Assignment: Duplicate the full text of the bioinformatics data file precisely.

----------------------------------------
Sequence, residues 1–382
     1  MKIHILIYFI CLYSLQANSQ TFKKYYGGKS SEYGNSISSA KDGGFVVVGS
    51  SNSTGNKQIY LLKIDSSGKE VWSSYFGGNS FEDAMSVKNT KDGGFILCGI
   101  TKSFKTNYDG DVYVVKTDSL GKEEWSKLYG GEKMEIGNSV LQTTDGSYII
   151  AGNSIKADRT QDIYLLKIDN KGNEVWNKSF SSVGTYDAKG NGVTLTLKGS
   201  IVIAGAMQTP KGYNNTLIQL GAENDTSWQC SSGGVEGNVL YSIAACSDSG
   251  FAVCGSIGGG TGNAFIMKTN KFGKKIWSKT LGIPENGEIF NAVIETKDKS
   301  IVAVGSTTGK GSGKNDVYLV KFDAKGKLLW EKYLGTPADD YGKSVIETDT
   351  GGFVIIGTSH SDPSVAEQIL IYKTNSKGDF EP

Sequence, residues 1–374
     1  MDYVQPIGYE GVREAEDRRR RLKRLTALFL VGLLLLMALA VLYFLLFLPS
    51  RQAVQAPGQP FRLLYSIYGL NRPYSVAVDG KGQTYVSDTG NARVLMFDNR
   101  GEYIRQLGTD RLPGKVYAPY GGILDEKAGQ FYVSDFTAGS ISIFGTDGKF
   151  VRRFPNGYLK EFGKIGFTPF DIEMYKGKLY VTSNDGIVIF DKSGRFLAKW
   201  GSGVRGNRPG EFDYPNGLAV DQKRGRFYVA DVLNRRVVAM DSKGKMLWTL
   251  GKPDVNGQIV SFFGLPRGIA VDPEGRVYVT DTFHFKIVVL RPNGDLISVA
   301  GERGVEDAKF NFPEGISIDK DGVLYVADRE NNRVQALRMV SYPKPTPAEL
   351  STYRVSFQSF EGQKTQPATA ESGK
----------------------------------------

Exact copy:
Sequence, residues 1–382
     1  MKIHILIYFI CLYSLQANSQ TFKKYYGGKS SEYGNSISSA KDGGFVVVGS
    51  SNSTGNKQIY LLKIDSSGKE VWSSYFGGNS FEDAMSVKNT KDGGFILCGI
   101  TKSFKTNYDG DVYVVKTDSL GKEEWSKLYG GEKMEIGNSV LQTTDGSYII
   151  AGNSIKADRT QDIYLLKIDN KGNEVWNKSF SSVGTYDAKG NGVTLTLKGS
   201  IVIAGAMQTP KGYNNTLIQL GAENDTSWQC SSGGVEGNVL YSIAACSDSG
   251  FAVCGSIGGG TGNAFIMKTN KFGKKIWSKT LGIPENGEIF NAVIETKDKS
   301  IVAVGSTTGK GSGKNDVYLV KFDAKGKLLW EKYLGTPADD YGKSVIETDT
   351  GGFVIIGTSH SDPSVAEQIL IYKTNSKGDF EP

Sequence, residues 1–374
     1  MDYVQPIGYE GVREAEDRRR RLKRLTALFL VGLLLLMALA VLYFLLFLPS
    51  RQAVQAPGQP FRLLYSIYGL NRPYSVAVDG KGQTYVSDTG NARVLMFDNR
   101  GEYIRQLGTD RLPGKVYAPY GGILDEKAGQ FYVSDFTAGS ISIFGTDGKF
   151  VRRFPNGYLK EFGKIGFTPF DIEMYKGKLY VTSNDGIVIF DKSGRFLAKW
   201  GSGVRGNRPG EFDYPNGLAV DQKRGRFYVA DVLNRRVVAM DSKGKMLWTL
   251  GKPDVNGQIV SFFGLPRGIA VDPEGRVYVT DTFHFKIVVL RPNGDLISVA
   301  GERGVEDAKF NFPEGISIDK DGVLYVADRE NNRVQALRMV SYPKPTPAEL
   351  STYRVSFQSF EGQKTQPATA ESGK